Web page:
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Had a bad time retaining the rules from Napoleon’s Triumph with Benkyo. I even watch a “how-to” video on YT. I dont know why I couldnt retain the info in that game.

But that game is excellent tho

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Don’t laugh…

I could not for the life of me get the rules for cockroach poker fit into my brain. I think I must have been very tired.

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The rulebook for Not Alone is ATROCIOUS. Working out how and when aliens can play tokens took watching a video. It’s a long list of things you can do, but barely anything about turn structures and limitations for how things work.

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My wife plays Cockroach Poker without looking at the cards. Very hard to bluff her!

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I was like that with the V-Commandos rule book for the first few times but managed to get through it eventually.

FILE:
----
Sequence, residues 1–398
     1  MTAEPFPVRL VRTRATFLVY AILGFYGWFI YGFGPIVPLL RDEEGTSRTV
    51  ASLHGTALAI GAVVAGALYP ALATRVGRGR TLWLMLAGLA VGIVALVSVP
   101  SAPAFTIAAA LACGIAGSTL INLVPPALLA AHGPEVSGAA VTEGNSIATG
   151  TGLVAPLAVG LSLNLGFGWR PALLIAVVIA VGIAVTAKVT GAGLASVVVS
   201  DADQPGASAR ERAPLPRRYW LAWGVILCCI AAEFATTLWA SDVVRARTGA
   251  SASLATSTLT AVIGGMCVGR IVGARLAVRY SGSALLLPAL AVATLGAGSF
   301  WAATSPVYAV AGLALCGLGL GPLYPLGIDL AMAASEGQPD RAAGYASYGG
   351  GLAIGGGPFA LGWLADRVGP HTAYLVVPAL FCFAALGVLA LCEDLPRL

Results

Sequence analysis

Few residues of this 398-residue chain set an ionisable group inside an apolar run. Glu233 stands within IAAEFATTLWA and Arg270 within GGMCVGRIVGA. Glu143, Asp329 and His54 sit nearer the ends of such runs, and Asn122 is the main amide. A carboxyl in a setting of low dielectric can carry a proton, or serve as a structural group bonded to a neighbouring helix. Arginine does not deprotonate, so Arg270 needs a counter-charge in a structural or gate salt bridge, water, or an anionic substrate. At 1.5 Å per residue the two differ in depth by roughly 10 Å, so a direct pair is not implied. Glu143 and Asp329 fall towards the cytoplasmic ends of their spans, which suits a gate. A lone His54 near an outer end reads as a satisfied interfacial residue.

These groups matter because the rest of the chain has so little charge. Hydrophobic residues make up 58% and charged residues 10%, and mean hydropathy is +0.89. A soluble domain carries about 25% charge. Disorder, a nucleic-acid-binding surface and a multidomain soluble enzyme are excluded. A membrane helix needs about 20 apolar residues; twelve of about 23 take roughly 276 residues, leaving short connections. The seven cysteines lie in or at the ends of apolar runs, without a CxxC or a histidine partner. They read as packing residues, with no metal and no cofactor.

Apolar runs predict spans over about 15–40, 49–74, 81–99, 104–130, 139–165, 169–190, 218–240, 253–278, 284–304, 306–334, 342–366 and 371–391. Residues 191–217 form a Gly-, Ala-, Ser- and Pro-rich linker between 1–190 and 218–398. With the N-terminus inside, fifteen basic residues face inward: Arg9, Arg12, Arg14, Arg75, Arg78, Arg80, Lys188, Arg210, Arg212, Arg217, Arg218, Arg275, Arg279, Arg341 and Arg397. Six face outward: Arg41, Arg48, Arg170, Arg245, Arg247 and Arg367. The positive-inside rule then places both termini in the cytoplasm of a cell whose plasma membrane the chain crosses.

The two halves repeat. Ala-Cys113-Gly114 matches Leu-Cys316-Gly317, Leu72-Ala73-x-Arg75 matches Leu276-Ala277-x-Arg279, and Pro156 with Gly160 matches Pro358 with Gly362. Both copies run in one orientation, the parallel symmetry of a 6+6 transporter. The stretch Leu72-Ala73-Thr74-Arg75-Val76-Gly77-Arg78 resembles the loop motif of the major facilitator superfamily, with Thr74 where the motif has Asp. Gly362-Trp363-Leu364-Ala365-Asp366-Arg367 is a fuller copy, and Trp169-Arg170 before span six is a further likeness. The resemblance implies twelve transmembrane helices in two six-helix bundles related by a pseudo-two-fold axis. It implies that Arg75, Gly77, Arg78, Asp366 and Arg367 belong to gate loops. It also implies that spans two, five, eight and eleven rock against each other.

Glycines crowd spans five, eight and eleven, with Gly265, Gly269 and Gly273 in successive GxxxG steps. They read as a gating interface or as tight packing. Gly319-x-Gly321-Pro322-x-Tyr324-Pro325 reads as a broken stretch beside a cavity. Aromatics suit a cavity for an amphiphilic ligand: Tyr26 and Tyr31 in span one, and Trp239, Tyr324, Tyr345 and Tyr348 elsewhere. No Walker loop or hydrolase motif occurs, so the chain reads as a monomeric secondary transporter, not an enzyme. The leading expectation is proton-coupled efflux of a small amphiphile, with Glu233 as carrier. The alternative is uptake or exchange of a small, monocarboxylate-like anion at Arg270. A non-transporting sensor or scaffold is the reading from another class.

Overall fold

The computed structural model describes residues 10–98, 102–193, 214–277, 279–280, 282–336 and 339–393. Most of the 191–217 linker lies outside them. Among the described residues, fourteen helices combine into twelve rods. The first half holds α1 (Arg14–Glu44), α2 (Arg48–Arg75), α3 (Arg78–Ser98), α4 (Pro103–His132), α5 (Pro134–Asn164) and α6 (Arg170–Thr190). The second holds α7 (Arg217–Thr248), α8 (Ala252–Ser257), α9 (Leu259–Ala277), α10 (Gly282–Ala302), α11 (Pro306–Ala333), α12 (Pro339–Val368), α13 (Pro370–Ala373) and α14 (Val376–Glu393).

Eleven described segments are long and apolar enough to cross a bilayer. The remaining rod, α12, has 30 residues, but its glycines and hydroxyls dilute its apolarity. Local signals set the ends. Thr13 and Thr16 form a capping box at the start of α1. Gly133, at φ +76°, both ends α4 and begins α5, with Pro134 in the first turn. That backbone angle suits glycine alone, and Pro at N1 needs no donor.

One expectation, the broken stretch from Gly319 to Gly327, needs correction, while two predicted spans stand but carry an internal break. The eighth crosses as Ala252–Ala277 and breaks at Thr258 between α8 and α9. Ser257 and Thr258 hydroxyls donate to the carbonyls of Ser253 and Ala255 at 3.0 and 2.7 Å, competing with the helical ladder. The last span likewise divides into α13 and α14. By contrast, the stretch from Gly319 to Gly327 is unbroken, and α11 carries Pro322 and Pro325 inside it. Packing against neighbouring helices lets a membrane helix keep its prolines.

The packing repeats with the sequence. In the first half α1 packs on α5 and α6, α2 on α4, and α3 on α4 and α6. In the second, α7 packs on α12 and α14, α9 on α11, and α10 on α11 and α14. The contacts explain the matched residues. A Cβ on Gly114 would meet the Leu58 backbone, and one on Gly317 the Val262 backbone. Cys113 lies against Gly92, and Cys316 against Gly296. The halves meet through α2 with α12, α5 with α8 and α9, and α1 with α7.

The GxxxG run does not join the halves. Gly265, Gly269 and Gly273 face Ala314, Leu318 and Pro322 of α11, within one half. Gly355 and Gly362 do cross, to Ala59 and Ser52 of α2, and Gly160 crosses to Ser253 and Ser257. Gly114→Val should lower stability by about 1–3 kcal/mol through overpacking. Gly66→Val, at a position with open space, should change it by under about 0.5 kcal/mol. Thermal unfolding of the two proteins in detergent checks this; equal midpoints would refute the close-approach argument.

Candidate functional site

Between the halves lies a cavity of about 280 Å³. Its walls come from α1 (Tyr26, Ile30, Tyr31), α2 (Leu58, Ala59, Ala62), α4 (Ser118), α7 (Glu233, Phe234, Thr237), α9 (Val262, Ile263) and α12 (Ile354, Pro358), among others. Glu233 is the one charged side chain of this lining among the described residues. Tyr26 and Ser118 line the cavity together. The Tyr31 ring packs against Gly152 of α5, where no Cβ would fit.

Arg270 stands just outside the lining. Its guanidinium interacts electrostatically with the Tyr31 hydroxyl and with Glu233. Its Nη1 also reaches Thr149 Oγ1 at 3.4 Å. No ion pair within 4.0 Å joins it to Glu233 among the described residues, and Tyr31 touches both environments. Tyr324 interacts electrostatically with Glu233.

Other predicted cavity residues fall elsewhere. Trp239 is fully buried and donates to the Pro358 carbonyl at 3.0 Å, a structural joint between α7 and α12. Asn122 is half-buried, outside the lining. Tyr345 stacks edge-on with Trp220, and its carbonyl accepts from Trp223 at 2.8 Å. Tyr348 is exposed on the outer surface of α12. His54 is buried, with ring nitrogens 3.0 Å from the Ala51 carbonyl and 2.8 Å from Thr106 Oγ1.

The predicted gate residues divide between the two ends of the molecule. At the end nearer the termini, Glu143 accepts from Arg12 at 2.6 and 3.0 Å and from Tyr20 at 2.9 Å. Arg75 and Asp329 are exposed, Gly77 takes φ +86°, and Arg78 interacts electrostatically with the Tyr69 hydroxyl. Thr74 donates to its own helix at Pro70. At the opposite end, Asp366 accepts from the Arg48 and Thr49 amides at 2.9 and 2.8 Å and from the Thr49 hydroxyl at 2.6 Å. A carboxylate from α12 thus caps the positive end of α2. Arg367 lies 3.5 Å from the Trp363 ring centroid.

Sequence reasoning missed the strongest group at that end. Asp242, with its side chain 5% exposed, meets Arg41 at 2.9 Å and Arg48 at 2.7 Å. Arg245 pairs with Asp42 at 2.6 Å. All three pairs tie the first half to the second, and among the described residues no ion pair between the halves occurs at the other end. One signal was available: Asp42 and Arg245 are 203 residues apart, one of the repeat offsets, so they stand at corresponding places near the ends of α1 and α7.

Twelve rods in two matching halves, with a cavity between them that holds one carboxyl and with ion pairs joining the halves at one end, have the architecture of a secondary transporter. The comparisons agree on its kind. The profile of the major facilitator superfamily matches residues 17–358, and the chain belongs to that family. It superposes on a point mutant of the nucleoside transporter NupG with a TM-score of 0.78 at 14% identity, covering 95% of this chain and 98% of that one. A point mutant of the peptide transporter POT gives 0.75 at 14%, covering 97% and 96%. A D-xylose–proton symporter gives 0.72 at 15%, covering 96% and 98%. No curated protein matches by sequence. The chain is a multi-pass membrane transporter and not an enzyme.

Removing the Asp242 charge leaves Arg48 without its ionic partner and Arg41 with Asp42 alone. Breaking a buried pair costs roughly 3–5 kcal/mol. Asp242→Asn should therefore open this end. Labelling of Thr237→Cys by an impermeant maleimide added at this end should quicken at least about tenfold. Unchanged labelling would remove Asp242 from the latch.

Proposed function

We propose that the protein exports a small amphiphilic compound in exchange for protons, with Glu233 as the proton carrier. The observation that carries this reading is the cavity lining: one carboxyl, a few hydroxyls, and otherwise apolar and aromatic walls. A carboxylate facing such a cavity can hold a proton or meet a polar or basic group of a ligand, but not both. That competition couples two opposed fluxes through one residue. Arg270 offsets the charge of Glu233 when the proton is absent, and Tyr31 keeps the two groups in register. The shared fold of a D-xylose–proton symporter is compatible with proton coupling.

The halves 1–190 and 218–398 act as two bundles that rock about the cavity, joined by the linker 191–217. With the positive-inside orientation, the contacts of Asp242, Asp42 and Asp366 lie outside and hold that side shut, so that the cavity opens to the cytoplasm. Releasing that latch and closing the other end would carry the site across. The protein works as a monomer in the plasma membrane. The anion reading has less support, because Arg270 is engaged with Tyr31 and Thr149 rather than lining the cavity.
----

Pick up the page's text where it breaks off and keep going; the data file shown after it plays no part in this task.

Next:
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I think I agree with @Benkyo in that my problem was that the rules seemed to begin with ‘this is how you do things with your forces’ and then introduce the differences between the types under each category (move, attack, whatever). I imagine I’d find it easier to be given the rules for infantry, then the rules for artillery then the rules for cavalry.

It’s a bit like being taught chess with a set of similar-shaped pieces distinguished only by markings, starting with a set of rules that apply to all pieces equally, and only then treating each marking as introducing a different exception to that general rule.